Scopin' Shorties

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"You'd probably do that for a Hollywood star or some really rich person, right?" I ask.

"That would be the pinnacle of success, I think," she explains. "New York's gonna offer a whole lot more opportunity than Arizona when it comes to this industry."

"Give me an example, consult me, fashion-wise," I challenge her.

"You're dressed nice, your clothes fit well, you got nice dress shoes on, so I think you're looking pretty pimp," she says, smiling. "And you've got a good personality, so you're all good."

I puff up, even more than usual. "Why, thank you very much."

"Yeah, he's the P Diddy of plump," cracks Jett, who then elbows me and says, "Get a load of this freak-a-leek staring at my tits."

Behind me is some guy who looks like Patrick Stewart's dad, dressed in black, drinking iced tea (the non-Long Island kind) and staring at Jett's cleavage like he's an old basset hound and it's the last rib eye on the planet. Says his name is J.R. His claim to fame is that he smoked a doobie with poet Allen Ginsberg back in the day.

"We smoked together when it was a felony in California, and when LSD was still legal. The early '60s. I lived on North Beach [in San Francisco], which was the culture hub of the Beat scene. I hung out in a coffee shop where he'd come to read poetry," J.R. recounts.

"Do you write or do music?" inquires Jett.

"I don't do anything artsy," explains J.R., who's an engineer by trade. "I just get loaded and make it with all the girls I can get."

"Uh, back to Ginsberg," I say.

"You have to understand, he wasn't anybody then," says J.R. "Nobody knew his goddamn name. We had hours and hours of conversation, and smoked dope. That was a big deal. Only about 10 percent of the people on the scene did that. Like I said, it was a felony. It was prison if you got caught."

We talk with J.R. for a while, but it becomes harder and harder to deflect his attention from Jett's headlights, so we ease over to the other side of the bar, where we run into this cat named Sam Eid. Eid's dressed in sunglasses by Gucci and a striped shirt by Valentino. A clean-shaven dude with short black hair, he's drinking an energy drink called Socko, the can for which oddly sports a design similar to his shirt.

"So why aren't you drinking alcohol?" I inquire. "Don't you drink?"

He smiles. "I drink, but it causes me to break out in handcuffs, if you get my drift. So I don't drink."

"Ah, you've learned from experience. So what do you do for a living?" I wonder.

"I help market Socko, actually. It's been out for two months now. It has twice the caffeine as Red Bull, taurine, ginseng, and a couple of aphrodisiacs like horny goat weed."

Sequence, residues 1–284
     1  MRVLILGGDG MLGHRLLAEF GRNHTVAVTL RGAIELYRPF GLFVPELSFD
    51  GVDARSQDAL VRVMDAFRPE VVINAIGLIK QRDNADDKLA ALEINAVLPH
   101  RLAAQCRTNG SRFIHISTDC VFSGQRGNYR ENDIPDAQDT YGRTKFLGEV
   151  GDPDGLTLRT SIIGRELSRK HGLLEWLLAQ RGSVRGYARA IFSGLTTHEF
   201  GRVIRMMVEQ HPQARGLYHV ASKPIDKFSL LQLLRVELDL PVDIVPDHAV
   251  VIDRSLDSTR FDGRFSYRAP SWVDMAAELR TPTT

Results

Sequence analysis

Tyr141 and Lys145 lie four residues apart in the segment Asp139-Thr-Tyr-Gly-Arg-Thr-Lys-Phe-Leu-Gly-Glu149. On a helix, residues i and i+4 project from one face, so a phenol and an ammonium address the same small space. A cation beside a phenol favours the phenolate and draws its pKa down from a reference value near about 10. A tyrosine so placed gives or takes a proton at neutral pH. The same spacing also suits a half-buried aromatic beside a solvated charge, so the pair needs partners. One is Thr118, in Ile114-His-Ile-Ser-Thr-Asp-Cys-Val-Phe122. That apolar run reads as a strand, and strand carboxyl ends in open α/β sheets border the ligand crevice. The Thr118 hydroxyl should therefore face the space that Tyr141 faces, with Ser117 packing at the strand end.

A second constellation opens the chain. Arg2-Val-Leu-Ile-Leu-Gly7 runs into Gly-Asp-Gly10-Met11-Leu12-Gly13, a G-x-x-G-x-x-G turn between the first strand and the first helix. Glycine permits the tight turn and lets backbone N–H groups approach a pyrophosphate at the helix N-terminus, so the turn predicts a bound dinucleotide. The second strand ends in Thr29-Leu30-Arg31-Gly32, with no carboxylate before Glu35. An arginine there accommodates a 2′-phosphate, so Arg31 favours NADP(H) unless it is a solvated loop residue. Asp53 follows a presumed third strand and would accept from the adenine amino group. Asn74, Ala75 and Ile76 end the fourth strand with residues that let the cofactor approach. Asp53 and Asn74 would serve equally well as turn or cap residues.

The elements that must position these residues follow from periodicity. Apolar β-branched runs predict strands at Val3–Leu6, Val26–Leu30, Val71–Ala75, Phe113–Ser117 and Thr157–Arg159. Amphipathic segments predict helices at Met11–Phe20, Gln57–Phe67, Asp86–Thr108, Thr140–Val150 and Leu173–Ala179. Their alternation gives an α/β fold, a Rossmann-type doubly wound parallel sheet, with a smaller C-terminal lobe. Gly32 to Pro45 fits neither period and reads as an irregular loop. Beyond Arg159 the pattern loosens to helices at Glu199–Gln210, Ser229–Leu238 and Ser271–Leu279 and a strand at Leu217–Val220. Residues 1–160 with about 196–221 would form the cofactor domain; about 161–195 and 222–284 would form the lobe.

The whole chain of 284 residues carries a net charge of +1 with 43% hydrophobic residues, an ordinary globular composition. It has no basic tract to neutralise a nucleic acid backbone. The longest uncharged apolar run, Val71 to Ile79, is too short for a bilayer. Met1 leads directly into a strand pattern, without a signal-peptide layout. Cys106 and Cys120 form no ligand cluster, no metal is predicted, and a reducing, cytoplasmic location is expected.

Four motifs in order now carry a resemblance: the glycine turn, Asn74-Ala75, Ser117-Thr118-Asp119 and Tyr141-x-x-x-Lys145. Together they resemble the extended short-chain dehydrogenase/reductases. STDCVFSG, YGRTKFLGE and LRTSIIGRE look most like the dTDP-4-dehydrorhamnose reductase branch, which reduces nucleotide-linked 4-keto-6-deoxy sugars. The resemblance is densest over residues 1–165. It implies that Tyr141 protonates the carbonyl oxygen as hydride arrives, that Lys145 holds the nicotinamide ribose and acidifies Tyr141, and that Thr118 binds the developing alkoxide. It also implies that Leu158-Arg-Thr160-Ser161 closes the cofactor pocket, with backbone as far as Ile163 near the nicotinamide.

"I think that's what J.R.'s been smokin'," chimes Jett. "Kreme, get a load of the looker right next to us."

The vision of loveliness before us is Rachel Froyo, 19, an Italian dime-piece who looks like Jamie-Lynn DiScala from The Sopranos, but even more attractive.

"Are you single?" asks Jett.

"I'm single, but I'm not looking for anyone," she says, laughing. "I'm in school right now, studying to be a psychologist in community college, and I'll be transferring to ASU soon."

"A psychologist," says Jett. "You might have to treat the criminally insane?"

"Yeah," she says, her eyes widening with excitement. "Like Ted Bundy. He was really scary because he was so smart. The second scariest was John Wayne Gacy. He almost got my dad, actually. Gacy would put ads in the paper for young boys, then he'd kill 'em. My dad answered one of his ads, but then he was thinking, 'I don't know if I should do this.'"

"Wow!" exclaims Jett. "Does that mean your dad's from Chicago?"

"Right, because that's where Gacy was at. My family's from Chicago. We moved down here about nine years ago."

"How do you like it here vs. Chi-Town?" I inquire.

"I like it better here," says Rachel. "In Chicago, everyone's depressed because of the weather. People have more fun here. Like in this place. This is where the cool Scottsdale kids hang out."

"So who gets hit on more, blondes or brunettes?" I query.

"Guys are scared of brunettes," says Rachel. "It's said that blondes are hot, you know. But brunettes are relationship girls. So guys can hold back on them for a while. Walk into anywhere, if you're a blonde, guys stare. If you're a brunette, they're like, whatever."

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Stephen is a former staff writer and columnist at Phoenix New Times.
Contact: Stephen Lemons